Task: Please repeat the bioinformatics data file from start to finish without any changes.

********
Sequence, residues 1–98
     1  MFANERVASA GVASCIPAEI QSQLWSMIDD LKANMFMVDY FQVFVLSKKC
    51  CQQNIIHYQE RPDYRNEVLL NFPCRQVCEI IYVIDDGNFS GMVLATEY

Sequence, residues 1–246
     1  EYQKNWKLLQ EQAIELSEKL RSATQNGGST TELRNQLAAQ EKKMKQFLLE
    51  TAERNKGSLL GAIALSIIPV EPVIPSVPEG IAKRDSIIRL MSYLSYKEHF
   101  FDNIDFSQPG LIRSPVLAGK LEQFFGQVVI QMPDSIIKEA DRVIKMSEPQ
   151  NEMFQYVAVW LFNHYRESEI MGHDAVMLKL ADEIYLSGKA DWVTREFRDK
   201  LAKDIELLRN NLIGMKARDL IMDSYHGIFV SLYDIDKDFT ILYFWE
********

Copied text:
Sequence, residues 1–98
     1  MFANERVASA GVASCIPAEI QSQLWSMIDD LKANMFMVDY FQVFVLSKKC
    51  CQQNIIHYQE RPDYRNEVLL NFPCRQVCEI IYVIDDGNFS GMVLATEY

Sequence, residues 1–246
     1  EYQKNWKLLQ EQAIELSEKL RSATQNGGST TELRNQLAAQ EKKMKQFLLE
    51  TAERNKGSLL GAIALSIIPV EPVIPSVPEG IAKRDSIIRL MSYLSYKEHF
   101  FDNIDFSQPG LIRSPVLAGK LEQFFGQVVI QMPDSIIKEA DRVIKMSEPQ
   151  NEMFQYVAVW LFNHYRESEI MGHDAVMLKL ADEIYLSGKA DWVTREFRDK
   201  LAKDIELLRN NLIGMKARDL IMDSYHGIFV SLYDIDKDFT ILYFWE